ENBRIDGE: Federal regulators, citing a “pattern of failures,” will require a safety improvement plan for Enbridge’s entire U.S. system before allowing it to restart a pipeline that ruptured in Wisconsin last week. Meanwhile, Canadian officials will conduct a safety audit of the company’s control room procedures. (Reuters)

ALSO: A dispute between Enbridge and a Colorado company over a connection to a Minnesota terminal is taken to the State Department, covering some of the same legal ground as the Keystone XL debate. (Greenwire)

WIND: A Senate panel yesterday approved a one-year extension of the wind production tax credit after Iowa Sen. Charles Grassley threatened to side with Democrats on the issue. (New York Times)

MEANWHILE: Chicago-based Exelon Corp., one of the largest wind power producers in the U.S., is calling for an end to the production tax credit. (Chicago Tribune)

ETHANOL: Industry backers say E15 will save drivers money. But a closer look at the numbers shows that isn’t necessarily true. (Midwest Energy News)

CLIMATE: A Democratic congressman introduced a bill yesterday that would impose a tax on carbon emissions. (The Hill)

NATURAL GAS: Alliant Energy announces plans for a new $700 million natural gas plant near Marshalltown, Iowa, at a site once under consideration for a new coal generator. The utility will also spend $400 million upgrading two coal plants elsewhere in the state. (Des Moines Register)

NUCLEAR: A new report finds community-wide disaster training in Cedar Rapids,  necessitated by its proximity to a nuclear plant, helped prevent fatalities during the 2008 flooding that devastated the city. (ClimateWire) 

FRACKING: Energy experts say Ohio Gov. John Kasich’s claim that the state has a trillion dollars worth of oil and gas reserves is “way off base” and “probably wrong by a couple of zeroes.” (Associated Press)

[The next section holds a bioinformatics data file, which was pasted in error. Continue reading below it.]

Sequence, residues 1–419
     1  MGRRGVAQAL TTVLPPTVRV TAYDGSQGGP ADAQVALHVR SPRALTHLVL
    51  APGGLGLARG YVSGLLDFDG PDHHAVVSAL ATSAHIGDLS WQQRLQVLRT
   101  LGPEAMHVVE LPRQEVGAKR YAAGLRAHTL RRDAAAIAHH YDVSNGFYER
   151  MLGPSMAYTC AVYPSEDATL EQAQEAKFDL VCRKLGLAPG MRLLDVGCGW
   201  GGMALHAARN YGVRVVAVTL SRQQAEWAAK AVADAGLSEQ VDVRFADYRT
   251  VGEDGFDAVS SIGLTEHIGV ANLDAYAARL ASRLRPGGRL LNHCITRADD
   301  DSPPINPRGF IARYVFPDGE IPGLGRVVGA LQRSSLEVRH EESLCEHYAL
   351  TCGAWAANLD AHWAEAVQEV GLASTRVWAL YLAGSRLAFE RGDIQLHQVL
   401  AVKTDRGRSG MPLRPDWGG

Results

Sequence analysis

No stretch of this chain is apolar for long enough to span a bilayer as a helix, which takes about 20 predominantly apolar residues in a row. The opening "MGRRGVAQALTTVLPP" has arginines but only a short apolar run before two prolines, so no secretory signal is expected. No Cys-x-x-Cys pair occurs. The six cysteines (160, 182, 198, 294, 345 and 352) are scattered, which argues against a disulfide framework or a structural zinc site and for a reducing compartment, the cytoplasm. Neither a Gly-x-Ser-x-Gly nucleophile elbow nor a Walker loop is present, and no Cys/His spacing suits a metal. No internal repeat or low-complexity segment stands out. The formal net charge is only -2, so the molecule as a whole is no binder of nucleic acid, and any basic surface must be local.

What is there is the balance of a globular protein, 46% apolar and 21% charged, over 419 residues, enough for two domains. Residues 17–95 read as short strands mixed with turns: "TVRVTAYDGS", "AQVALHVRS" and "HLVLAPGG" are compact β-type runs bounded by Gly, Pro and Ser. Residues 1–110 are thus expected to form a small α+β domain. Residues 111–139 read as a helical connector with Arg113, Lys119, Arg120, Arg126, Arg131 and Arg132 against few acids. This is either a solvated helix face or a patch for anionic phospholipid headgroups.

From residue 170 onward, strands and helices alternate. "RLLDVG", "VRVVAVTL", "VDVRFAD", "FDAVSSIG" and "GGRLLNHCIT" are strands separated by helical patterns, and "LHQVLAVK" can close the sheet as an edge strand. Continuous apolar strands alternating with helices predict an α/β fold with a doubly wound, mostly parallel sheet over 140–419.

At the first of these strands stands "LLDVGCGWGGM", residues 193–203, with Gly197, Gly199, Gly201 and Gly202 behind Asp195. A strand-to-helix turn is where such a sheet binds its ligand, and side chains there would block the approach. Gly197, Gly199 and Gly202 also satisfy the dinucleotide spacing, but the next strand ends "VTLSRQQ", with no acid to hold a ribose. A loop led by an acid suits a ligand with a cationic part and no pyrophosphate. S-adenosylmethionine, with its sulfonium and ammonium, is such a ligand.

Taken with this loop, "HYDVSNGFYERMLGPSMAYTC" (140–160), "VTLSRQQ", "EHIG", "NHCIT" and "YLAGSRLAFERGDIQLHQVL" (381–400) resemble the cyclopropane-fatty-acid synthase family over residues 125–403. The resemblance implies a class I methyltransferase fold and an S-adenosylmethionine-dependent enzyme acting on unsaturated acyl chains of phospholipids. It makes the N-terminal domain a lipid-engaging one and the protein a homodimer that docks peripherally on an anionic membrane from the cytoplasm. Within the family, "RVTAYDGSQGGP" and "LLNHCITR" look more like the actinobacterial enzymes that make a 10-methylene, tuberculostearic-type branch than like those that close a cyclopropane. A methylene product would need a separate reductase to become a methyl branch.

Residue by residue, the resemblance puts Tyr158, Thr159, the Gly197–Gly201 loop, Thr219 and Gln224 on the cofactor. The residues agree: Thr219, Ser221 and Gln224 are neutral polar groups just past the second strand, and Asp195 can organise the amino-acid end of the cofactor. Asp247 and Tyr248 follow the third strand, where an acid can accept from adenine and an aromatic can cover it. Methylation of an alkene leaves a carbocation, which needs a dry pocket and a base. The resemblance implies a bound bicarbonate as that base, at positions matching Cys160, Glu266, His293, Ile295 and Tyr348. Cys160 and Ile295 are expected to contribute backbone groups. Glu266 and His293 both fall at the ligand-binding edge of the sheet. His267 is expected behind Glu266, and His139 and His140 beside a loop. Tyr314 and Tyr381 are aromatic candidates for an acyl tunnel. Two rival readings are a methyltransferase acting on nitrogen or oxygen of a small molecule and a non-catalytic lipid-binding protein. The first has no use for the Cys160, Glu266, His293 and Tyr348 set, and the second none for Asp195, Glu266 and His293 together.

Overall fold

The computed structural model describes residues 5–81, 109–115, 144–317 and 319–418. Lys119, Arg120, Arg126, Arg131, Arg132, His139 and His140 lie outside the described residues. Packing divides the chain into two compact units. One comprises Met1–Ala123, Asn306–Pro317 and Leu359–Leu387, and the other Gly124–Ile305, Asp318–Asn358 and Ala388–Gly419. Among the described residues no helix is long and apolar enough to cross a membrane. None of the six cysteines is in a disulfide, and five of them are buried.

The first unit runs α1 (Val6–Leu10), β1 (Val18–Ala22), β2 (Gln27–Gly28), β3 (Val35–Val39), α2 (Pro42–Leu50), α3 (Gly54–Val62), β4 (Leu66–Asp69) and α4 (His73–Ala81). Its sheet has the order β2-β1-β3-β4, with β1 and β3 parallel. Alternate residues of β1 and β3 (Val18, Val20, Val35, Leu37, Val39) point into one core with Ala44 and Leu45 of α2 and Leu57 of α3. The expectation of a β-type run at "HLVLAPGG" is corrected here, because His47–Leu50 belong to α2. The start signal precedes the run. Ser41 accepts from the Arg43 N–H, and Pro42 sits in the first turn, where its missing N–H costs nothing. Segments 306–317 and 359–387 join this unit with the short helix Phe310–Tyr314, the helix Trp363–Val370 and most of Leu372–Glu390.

LIGHT BULBS: GE announces a fully dimmable CFL bulb, and 3M plans to begin selling a $25 LED bulb with a 25-year lifespan by the end of the month. (Cleveland Plain Dealer, St. Paul Pioneer Press)

WASTE-TO-ENERGY: Methane gas from a Columbus, Ohio landfill will be harnessed to generate electricity and power vehicles under a $25 million deal announced this week. (Columbus Dispatch)

COMMENTARY: In a Huffington Post interview, Michael Liebreich, CEO of Bloomberg New Energy Finance, says “a different and better energy system is not only just possible, it’s inevitable”; and Media Matters outlines a detailed history of how the Wall Street Journal editorial board has for decades been “on the wrong side of science.”


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Ken Paulman

Ken is the director of the Energy News Network at Fresh Energy and is a founding editor of both Midwest Energy News and Southeast Energy News. Prior to joining Fresh Energy, he was the managing editor for online news at Minnesota Public Radio. He started his journalism career in 2002 as a copy editor for the Duluth News Tribune before spending five years at the Spokesman-Review in Spokane, Washington, where he worked as a copy editor, online producer, features editor and night city editor. A Nebraska native, Ken has a bachelor's degree from the University of Nebraska-Lincoln and a master's degree from the University of Oregon. He is a member of the Society of Professional Journalists and Investigative Reporters and Editors.

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